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Belleville's farmers market has strong roots

This article first appeared in the St. Louis Beacon, June 30, 2011 - Putting a face on where local food comes from is an important mission for Marjorie Sawicki. And to that end, Sawicki has been involved with The Old Town Market in Belleville since it opened 10 years ago.

"The market opened up after we took a look at The Tower Grove Market. They had a great variety of food venders and a nice park setting," Sawicki said.

As an assistant professor of nutrition and dietetics at Saint Louis University, Sawicki oversaw the development of the Clayton Farmer's Market, near Forsyth and Maryland, before joining Belleville's Old Town Market.

Sawicki joined with other Belleville residents who decided to open a new grocery shopping experience for locals.

"Well, I've been doing this for many years. The demands are there and the people are there," Philip Elliot, owner of Nature's Way farm said. Elliot was recently added to the growing list of organic offerings at the Old Town Market and thinks that it's important for locals to be educated on food consumption.

"Absolutely, I think it's important, they need to know where their food comes from," Elliot said.

Toni Togias, Old Town's marketing manager, is carrying on of Sawicki's original experiments: Farm to Table. When creating Farm to Table, Sawicki wanted the program to teach children how to cook the foods properly and what fruits and vegetables are in season when.

"Children from the age of 5 to 15 learn how to cook locally grown produce. They can even take produce ingredients home," Togias said.

Togias thinks that getting kids to like the type of produce sold at the market can give them a better nutritional base. "It's an important educational opportunity for kids to learn," she said.

Sawicki hopes Illinois' passage of the Cottage Food Bill, which would allow farmers to more easily sell their products at low cost for buyers, will help the market. The bill is awaiting the governor's signature. Assuming that it is signed, Illinois will join almost 30 states -- including Missouri -- that allow certain homemade foods (baked goods, jams and jellies) to be sold at farmers' stands or markets.

"It will allow individuals to process low-risk food at farmers markets, and for people to easily gain certification and satisfaction on product liability," Sawicki said.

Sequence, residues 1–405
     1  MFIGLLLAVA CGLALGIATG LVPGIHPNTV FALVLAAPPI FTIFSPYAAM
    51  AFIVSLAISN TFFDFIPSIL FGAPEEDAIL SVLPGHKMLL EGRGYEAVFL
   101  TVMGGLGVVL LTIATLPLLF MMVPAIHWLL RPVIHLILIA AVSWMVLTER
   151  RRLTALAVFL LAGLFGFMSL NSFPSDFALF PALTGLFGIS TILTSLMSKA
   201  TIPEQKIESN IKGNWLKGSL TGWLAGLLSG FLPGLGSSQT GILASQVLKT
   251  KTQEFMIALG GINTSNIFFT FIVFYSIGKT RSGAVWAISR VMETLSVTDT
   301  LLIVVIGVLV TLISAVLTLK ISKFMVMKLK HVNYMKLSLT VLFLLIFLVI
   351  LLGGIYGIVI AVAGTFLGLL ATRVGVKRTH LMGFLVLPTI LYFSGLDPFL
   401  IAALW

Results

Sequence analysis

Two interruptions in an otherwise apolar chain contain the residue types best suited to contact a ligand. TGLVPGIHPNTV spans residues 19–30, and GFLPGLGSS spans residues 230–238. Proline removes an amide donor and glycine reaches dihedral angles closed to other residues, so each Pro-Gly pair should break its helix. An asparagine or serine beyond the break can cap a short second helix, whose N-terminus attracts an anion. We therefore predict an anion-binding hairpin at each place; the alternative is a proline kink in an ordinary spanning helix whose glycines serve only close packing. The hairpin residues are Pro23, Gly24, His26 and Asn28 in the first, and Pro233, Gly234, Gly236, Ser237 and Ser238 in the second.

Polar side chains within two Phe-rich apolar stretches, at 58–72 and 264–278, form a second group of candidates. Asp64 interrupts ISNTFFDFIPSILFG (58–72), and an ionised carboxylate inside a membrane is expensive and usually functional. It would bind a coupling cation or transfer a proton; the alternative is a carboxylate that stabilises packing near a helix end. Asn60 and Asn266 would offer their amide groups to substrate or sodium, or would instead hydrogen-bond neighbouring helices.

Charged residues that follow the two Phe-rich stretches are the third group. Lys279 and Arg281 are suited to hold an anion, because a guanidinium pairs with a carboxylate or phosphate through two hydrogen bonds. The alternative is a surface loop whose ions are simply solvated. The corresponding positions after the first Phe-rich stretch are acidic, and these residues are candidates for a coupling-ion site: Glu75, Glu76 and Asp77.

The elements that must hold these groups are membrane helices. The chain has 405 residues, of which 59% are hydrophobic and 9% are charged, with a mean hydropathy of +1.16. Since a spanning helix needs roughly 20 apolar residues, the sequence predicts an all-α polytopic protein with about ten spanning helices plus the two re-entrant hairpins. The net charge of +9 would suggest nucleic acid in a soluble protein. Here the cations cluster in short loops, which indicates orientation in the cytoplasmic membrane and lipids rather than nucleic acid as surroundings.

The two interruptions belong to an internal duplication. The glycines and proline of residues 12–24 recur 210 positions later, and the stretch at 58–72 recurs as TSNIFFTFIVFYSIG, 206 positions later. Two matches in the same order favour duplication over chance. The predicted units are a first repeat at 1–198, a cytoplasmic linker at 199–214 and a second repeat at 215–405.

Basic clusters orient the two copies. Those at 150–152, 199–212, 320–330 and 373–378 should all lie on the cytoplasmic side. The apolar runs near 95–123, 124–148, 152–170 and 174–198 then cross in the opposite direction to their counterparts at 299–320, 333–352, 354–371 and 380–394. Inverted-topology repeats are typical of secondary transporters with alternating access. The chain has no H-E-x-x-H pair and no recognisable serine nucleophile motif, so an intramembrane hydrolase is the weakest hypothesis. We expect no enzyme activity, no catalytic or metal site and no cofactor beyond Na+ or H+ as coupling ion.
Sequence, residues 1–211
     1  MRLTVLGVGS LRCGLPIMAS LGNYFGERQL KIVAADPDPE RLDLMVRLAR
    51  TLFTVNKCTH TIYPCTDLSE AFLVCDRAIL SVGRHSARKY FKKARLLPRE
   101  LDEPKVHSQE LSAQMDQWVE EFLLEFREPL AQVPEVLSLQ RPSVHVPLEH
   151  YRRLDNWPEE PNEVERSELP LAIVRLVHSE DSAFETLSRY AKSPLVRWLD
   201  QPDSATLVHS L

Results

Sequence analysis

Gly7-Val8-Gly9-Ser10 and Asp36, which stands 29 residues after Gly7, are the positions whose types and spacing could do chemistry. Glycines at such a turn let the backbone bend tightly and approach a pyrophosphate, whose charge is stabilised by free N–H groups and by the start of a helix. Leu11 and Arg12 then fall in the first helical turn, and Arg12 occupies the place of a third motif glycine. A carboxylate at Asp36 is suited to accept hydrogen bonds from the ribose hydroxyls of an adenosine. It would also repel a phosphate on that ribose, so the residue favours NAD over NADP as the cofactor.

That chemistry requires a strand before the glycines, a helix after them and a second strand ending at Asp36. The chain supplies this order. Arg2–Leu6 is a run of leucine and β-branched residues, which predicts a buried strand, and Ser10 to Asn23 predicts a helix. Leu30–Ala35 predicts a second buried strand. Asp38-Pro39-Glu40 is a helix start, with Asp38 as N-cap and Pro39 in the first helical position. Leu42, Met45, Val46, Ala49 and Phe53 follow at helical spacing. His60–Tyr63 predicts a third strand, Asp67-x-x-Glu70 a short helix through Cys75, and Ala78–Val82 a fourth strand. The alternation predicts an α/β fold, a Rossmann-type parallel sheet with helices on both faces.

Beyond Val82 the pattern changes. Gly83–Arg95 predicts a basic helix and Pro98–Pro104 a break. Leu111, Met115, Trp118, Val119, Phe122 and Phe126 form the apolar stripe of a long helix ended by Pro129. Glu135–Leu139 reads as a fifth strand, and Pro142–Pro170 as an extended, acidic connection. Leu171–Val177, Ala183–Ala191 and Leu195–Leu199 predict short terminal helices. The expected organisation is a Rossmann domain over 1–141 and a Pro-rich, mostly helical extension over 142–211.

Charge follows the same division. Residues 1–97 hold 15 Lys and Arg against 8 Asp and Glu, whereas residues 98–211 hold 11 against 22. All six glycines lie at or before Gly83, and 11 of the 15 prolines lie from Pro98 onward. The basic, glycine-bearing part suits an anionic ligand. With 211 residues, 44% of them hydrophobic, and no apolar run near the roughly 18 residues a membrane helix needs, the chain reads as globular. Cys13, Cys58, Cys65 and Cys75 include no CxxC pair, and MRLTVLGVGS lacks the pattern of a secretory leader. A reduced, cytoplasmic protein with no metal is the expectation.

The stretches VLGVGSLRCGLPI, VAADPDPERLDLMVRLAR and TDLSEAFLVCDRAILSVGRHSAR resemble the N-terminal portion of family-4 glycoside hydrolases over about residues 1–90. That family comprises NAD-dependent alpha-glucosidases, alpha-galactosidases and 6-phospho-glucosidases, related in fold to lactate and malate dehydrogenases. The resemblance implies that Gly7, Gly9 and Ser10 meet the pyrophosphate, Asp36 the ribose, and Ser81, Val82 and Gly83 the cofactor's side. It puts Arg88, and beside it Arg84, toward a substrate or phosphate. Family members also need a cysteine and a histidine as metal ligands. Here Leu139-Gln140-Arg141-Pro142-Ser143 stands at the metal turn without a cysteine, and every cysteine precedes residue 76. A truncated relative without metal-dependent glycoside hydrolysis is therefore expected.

Anyone selling food at Old Town Market previously has had to go through the process of the government making sure it is prepared in a sanitary kitchen. "Our German baker, for example, is already in the food industry and has her own business," Sawicki said.

Oma Gisi's Bakery, from Kinmundy, Ill., recently started selling its products with great success.

"In the short term, they've built up quite a customer base. I'm impressed with the quickness of the success of the German bakery," Togias said.

Besides buying German style pastries and breads, market-goers can also support local artisans in their community.

"We have Stone Forest Enterprises bird feeders. They make hand-produced wood bird houses and feeders," Togias said, noting that they can make custom feeders for people's specific needs.

One of the local artisans, Allan Hogg, shows up to do free weekly bicycle repairs, his main goal is to get kids interested in being healthy by playing outdoors.

"He comes in a big purple van and he's comes there to tune up bikes for free. He's also added children's books to his repertoire," Sawicki explains. Togias says that Hogg's work is part of his nonprofit venture, The Cycle of Giving. Cycle of Giving is presenting the Free Kids Bicycle Rodeo & Safety Certification on July 9.

The Old Town Market is also putting on a healthy cooking demonstration for adults. "It's taking place in September, and it's Adults vs. Kids. It's a time to teach adults how they can cook in a healthy way."

"I feel that it's a good way to give back to the community; it's a good place to work and play. I think the streetscape has done a lot for the area, and attracted a lot more residents.

Keeping the wealth in the community is an important mission for Old Town Market, they want people to realize the luxury and value of buying fresh produce from their own back yard.

"It's even more important to support local businesses and for people to start eating healthier," Togais said.

The nutritional value of the food sold at Old Town is better quality, because the farmers use less pesticide, according to Togias.

"I'm 62, I've been doing this all my life and most people are now wondering where their food is coming from," said Elliot of Nature's Way. Elliot thinks that people buying mass produced food has resulted in major health factors and illness.

The market has seen an increase and demand for more organic and fresh products, and they want to continue educating people on the importance of buying locally grown food.

"It's really important for people to know where there food is coming from; they need to value the face of their local farmer. When we look at urban compared to rural living, people think their needs are different, but their needs tend to be the same," Sawicki said.

The market is open from 7:30 a.m. to noon, on Saturdays at the corner of 1st and West Main Street.

Ray Carter, a senior at Purdue University, is a Beacon intern.

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